Although the VBP diagnosis and solution has been promoted since the early 2000s (and since the 1970s, if we trace VBP theology to its predecessor, HMOs and “managed care”), it took a decade for the VBP industry to take root deeply into our health care system. The Affordable Care Act (ACA), enacted in 2010, ignited its growth. The ACA conferred legitimacy on VBP by requiring CMS to insert VBP schemes into traditional Medicare (but not into Medicare Advantage). The “accountable care organization” (ACO), vaguely defined as “a set of physicians and hospitals [which] accept joint responsibility for the quality of care and the cost of care received by the ACO’s panel of patients,” is by far the largest and most prevalent iteration of the VBP programs CMS has inserted into traditional Medicare. Medicare beneficiaries are assigned to ACOs without their consent based on which primary care doctor they see. ACO doctors are given bonuses if the ACO makes money, and they are penalized if the ACO loses money.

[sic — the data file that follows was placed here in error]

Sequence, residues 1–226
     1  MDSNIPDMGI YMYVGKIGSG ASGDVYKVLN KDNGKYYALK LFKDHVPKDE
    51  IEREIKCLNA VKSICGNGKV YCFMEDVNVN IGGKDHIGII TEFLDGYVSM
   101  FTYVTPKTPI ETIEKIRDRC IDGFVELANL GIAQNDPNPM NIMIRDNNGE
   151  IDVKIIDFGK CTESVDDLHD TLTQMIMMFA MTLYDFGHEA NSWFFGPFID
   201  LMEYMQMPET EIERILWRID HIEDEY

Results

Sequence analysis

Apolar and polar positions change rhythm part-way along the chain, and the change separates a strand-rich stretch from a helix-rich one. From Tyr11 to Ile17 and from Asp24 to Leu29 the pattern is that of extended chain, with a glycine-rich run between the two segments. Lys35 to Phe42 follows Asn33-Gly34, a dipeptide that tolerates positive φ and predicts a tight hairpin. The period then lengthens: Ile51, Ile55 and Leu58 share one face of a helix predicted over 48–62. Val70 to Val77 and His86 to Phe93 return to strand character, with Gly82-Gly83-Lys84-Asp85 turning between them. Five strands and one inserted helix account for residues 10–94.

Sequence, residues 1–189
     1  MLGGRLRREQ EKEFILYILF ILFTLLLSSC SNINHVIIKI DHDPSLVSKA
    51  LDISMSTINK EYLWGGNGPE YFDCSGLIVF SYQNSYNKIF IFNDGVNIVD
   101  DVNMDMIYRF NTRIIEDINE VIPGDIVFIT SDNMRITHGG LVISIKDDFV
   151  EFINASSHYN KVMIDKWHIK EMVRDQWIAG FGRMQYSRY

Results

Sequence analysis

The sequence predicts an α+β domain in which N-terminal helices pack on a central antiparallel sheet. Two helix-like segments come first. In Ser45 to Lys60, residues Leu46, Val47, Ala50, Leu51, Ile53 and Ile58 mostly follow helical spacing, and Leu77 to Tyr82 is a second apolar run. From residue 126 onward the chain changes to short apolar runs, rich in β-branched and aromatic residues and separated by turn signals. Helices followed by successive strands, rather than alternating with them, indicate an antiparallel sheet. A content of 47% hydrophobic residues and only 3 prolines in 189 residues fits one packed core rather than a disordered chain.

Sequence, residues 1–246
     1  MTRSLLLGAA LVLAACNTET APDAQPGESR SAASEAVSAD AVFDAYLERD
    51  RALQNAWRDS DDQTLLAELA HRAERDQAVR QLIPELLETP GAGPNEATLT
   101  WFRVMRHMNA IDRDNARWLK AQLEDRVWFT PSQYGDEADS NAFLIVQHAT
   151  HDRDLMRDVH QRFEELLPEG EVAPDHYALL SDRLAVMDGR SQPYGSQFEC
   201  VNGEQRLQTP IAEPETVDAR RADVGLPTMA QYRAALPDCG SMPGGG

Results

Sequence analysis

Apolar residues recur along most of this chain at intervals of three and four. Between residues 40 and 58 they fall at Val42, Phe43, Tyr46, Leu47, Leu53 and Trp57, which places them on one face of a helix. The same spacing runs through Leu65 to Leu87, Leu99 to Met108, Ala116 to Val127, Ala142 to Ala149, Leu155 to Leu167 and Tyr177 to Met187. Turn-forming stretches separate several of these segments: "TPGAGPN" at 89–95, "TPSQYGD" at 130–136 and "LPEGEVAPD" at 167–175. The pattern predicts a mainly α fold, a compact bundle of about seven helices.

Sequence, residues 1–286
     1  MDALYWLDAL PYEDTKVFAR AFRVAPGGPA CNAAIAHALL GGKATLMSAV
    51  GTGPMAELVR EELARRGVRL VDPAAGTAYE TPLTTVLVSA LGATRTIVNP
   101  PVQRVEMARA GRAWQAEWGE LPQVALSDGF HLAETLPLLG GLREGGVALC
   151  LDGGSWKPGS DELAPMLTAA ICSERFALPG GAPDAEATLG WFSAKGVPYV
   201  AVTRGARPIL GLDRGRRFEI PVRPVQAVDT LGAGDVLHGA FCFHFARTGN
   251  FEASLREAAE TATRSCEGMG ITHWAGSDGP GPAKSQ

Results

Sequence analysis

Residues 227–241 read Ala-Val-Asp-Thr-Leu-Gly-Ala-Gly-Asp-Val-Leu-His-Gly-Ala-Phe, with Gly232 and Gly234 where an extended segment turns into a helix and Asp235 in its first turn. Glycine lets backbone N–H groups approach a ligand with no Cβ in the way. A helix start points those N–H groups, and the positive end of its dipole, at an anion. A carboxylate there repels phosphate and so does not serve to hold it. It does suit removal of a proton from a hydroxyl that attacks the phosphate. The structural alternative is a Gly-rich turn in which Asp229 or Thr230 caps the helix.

CMS has implemented a half-dozen ACO programs since 2012, all of which focus on primary care doctors. Today, roughly 600 ACOs, many of them owned by insurance companies and other investors, enroll more than 11 million Medicare beneficiaries. Another 400 ACOs have been set up in the commercial (non-elderly) market. Most of these are owned or controlled by distant, passive investors — people and companies that do not take care of patients, but which seek to profit off patients by inducing providers either to cut back on the services offered to patients, or to substitute less expensive providers and services. Examples of such ACOs include Iora Health, a subsidiary of One Medical, which Amazon is proposing to purchase; Caravan Health, which was just purchased by Signify, a company that trades on Wall Street; and Village MD, recently purchased by Walgreens.

If the experiment with ACOs and other VBP schemes authorized by the ACA had worked as advertised — if it had lowered costs and improved quality — advocates could at least argue that the harm done to medical care, especially to primary care physicians, was offset by improved “value.” But the research over the last decade clearly shows VBP schemes are not lowering costs, are having mixed and trivial effects on health, and are exacerbating health inequities. We are, in short, suffering the worst possible outcomes of the VBP experiment. And yet, with few exceptions, proponents of VBP refuse to concede VBP has failed. The “primary care transformation summit” illustrated this problem.

Peddling Myths